My guys were giving an injection of Valium, Banamine and long acting antibiotics prior to the procedure and an infusion of some type of antibiotic salve into the emptied testicle sack afterwards. The surgical site (bottom of the testicles) was left open and with out stiches so it could drain. There was some slight bleeding (a few drops here and there) for about 5-6 hours afterwards. They slept and rested the rest of the afternoon and were ready for their evening goat pellets when supper time rolled around.

There is a product called Wonder Dust (available at most farm supply locations) that I highly recommend for puffing onto their testicle sack until it heals over. You just shake the contents of the bottle a few times to remix the dry contents, point the tip towards the surgical site, squeeze the bottle, and it puffs out medication to coat the area. Other than a few side step maneuvers from each goat when a blue bottle was extended towards their back sides, it was really easy to use.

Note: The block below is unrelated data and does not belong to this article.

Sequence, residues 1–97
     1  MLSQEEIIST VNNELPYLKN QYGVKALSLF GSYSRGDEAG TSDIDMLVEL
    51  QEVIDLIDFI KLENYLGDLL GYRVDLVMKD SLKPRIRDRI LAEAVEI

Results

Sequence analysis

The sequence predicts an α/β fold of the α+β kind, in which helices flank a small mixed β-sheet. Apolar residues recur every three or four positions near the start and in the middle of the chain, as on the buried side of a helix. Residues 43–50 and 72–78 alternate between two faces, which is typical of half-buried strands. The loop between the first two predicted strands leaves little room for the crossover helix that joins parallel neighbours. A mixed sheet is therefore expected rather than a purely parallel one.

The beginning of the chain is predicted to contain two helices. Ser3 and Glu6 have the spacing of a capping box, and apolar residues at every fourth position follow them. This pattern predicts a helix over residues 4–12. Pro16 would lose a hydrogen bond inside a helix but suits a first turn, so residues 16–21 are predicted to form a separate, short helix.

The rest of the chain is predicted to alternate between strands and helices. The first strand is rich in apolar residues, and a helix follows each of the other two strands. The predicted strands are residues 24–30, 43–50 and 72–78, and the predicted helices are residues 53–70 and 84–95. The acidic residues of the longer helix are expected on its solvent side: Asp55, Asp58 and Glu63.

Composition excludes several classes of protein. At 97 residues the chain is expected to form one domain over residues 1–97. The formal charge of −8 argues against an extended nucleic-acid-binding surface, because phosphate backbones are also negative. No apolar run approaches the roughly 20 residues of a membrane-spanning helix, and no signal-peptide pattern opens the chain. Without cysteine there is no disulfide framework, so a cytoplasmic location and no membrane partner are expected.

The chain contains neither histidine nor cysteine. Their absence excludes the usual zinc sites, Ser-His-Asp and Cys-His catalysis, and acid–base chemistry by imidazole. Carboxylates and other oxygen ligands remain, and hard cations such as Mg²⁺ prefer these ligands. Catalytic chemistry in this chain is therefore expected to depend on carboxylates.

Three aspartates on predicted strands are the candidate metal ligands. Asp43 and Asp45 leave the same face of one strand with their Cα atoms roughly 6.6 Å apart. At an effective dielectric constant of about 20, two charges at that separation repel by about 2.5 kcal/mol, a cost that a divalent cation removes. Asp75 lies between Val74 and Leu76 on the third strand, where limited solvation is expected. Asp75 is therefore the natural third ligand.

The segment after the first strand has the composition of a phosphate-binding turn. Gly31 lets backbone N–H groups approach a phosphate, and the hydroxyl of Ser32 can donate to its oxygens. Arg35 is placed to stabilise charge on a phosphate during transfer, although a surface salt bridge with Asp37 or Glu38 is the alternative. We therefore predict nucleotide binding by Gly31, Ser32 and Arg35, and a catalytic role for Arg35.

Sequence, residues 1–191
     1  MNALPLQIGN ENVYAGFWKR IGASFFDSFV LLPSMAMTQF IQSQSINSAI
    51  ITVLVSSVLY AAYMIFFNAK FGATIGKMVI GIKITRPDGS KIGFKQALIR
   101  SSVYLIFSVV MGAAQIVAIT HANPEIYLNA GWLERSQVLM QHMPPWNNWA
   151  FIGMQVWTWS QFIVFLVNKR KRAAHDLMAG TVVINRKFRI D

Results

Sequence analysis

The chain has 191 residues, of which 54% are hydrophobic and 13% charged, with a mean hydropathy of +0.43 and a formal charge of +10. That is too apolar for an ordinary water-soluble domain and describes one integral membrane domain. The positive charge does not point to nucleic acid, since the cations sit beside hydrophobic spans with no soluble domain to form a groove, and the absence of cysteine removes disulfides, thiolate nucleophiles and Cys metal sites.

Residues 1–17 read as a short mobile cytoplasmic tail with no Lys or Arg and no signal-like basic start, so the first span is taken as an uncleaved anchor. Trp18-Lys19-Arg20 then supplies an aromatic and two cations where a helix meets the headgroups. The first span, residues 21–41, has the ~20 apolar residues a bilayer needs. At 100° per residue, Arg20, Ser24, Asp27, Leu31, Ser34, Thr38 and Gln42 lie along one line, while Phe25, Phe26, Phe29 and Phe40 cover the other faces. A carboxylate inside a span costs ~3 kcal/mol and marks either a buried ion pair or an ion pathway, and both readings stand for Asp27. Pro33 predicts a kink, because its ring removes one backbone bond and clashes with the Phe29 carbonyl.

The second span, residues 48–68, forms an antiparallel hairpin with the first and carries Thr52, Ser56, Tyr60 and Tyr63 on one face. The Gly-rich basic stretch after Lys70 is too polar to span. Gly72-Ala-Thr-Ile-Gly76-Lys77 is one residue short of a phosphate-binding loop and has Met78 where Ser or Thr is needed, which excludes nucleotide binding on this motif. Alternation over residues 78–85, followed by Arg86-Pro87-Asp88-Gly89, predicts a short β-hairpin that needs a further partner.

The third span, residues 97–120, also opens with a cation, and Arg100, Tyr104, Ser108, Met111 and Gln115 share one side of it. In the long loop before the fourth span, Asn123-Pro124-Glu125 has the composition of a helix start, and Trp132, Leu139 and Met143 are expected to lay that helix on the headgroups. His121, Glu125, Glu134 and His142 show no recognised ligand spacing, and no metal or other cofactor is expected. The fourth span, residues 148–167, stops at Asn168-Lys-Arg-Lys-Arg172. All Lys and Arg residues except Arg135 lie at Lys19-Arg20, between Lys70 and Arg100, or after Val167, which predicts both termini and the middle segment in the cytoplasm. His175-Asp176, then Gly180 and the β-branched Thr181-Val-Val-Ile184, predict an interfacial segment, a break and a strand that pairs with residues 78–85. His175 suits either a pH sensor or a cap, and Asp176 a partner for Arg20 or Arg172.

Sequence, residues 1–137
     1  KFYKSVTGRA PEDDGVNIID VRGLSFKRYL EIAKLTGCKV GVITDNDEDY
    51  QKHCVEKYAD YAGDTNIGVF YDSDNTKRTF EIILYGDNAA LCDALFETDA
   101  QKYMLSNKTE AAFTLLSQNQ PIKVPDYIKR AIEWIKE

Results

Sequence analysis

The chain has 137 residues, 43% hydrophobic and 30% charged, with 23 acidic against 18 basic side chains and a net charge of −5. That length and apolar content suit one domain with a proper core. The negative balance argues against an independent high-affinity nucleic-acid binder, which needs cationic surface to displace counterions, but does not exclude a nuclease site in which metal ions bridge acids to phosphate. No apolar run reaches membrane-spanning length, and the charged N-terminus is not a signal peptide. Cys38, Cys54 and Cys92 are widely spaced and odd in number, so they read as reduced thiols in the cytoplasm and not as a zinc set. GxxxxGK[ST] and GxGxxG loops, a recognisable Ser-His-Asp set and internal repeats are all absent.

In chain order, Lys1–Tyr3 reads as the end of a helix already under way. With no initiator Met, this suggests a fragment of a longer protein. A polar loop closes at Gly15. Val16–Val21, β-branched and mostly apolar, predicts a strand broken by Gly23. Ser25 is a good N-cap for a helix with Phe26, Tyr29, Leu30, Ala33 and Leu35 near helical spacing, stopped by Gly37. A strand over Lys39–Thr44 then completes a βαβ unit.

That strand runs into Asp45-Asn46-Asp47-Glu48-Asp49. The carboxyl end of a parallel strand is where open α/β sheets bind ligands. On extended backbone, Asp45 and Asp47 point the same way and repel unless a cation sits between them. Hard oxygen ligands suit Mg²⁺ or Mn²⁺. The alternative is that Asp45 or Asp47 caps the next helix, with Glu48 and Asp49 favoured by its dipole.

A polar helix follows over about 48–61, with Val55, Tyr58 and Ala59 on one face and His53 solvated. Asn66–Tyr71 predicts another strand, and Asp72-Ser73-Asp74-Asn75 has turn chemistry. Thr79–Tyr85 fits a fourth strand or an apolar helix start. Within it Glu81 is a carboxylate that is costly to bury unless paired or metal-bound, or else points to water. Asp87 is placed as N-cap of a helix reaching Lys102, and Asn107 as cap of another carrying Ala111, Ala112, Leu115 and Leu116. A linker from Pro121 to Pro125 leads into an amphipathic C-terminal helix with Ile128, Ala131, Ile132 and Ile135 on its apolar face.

The vet suggested cold compresses or an ice pack held against their surgical site every couple of hours would help with pain relief. I attempted to apply coldness to them; and they backed their rear ends into the corner and had such fear of being touched "back there" the whites of their eyes showed, blood dripped faster, and I let that step slide.

They will be sore and walk gingerly for about a day and a half, but soon afterwards, they were back to business as usual. They retained a very small, empty sack and won't have that completely slick appearance of a banded male.
 

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I'm going to disagree here.... I use burdizzo as my preferred method. NO method is pain free. My vet will burdizzo, clamp one side then the other. No blood, no throbbing band for weeks around testicles or an open wound. They are sore for about an hour and playing the next. Every producer chooses what is best for them, and that is absolutely fine. Any method you choose is fine. All have benefits and drawbacks. Best wishes for your little guy.